Women utilize the Museum to study their most valuable resource- traditions, extending their capacity to develop new work with cultural integrity and compete successfully in international market
With spiraling inflation, village women of Kutch need to earn. Utilizing traditions they can earn at better than manual labour wages. The museum resources increase awareness and value for the artisans’ own cultures and mobilize their ability to create viable work in an increasingly competitive market. As Raniben says, “The difference between what we used to make for sale and what we make now is night and day. Now, I think when I work.”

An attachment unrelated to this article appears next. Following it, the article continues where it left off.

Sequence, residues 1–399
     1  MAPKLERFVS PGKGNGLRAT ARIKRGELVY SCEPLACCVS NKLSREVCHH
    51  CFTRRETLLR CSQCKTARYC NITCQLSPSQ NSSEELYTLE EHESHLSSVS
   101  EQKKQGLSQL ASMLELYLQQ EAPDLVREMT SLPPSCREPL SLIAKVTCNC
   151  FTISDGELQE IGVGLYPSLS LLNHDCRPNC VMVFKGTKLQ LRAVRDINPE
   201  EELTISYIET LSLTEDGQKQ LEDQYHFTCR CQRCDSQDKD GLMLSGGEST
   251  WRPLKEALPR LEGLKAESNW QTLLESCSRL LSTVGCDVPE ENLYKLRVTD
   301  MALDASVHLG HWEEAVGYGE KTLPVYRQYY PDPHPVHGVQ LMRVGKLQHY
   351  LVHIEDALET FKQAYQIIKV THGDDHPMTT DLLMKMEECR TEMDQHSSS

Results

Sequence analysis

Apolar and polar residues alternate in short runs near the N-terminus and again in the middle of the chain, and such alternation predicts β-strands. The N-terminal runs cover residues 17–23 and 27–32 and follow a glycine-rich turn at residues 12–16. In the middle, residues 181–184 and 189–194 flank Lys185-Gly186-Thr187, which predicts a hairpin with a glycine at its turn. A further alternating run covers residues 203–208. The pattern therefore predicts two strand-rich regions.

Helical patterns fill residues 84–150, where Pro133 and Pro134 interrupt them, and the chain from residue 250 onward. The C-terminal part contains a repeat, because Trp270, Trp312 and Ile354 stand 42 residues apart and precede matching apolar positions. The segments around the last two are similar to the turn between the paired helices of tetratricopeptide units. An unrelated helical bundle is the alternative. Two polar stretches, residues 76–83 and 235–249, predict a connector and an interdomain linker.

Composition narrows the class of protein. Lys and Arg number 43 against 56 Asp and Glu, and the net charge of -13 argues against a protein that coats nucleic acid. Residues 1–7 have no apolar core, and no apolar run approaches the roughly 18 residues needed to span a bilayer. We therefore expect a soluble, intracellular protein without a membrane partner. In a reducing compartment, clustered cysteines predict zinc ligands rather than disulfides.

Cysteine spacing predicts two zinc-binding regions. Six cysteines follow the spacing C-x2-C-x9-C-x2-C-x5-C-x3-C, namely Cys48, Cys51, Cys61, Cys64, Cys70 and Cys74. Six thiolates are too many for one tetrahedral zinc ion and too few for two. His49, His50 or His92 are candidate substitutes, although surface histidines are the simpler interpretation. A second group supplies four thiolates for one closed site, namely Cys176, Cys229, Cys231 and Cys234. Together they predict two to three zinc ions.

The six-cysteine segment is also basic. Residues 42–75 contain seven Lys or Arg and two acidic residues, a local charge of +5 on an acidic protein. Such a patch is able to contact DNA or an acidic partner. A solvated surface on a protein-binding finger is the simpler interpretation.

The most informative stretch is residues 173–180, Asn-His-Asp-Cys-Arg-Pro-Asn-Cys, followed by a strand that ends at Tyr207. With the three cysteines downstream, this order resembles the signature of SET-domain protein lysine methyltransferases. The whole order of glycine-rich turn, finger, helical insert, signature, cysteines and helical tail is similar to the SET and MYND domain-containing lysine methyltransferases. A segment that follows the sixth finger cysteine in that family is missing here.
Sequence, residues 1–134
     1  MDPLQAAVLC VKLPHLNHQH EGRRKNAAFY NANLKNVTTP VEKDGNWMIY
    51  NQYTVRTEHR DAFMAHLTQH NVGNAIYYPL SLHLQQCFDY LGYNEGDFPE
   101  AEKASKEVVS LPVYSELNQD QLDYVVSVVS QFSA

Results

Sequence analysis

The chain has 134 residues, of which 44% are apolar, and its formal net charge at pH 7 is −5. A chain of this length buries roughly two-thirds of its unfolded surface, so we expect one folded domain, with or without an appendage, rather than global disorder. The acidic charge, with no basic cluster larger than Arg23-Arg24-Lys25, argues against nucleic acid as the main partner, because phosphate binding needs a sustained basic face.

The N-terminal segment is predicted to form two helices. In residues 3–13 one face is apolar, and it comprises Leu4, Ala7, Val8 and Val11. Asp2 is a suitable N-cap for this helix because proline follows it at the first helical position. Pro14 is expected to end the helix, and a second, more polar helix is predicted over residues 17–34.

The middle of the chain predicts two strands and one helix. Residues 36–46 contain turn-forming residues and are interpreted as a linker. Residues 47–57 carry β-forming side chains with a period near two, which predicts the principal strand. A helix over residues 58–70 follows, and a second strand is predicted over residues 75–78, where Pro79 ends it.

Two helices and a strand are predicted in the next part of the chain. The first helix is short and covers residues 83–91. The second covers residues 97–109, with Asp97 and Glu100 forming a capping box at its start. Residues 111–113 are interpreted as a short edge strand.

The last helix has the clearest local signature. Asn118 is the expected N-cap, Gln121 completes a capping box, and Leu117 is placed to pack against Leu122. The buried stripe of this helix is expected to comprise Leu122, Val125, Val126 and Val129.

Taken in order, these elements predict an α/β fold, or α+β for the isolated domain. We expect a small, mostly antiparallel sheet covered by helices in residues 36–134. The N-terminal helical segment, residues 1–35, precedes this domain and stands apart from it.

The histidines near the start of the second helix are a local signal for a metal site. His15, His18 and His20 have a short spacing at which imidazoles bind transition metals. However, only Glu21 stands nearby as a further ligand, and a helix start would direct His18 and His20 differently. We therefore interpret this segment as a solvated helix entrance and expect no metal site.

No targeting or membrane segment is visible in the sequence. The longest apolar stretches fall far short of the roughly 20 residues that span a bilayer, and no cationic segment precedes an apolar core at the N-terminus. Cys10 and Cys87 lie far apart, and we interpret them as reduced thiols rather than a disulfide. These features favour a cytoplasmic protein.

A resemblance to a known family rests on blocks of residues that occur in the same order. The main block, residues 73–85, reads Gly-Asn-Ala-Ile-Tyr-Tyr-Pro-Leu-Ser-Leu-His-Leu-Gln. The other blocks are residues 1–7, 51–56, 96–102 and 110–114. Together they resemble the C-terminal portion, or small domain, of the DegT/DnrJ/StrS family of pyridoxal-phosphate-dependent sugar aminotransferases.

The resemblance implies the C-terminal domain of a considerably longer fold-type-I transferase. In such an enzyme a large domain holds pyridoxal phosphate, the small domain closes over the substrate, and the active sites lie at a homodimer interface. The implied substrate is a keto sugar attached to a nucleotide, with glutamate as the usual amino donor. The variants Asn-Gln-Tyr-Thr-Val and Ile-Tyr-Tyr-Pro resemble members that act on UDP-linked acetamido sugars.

Women artisans study examples of their own textile traditions. They utilize patterns, colors, techniques that may have been lost to create new work for contemporary markets, combining their most valuable resources- cultural heritage and creativity.
The museum serves over 1,500 artisans and their families, providing them with an inexhaustible resource to retain the vibrancy of tradition and earn skilled artisan wages. Heritage is perpetuated and incomes increase.
This project has provided additional documentation in a PDF file (projdoc.pdf).
Kala Raksha Museum
Sir Misha Black Award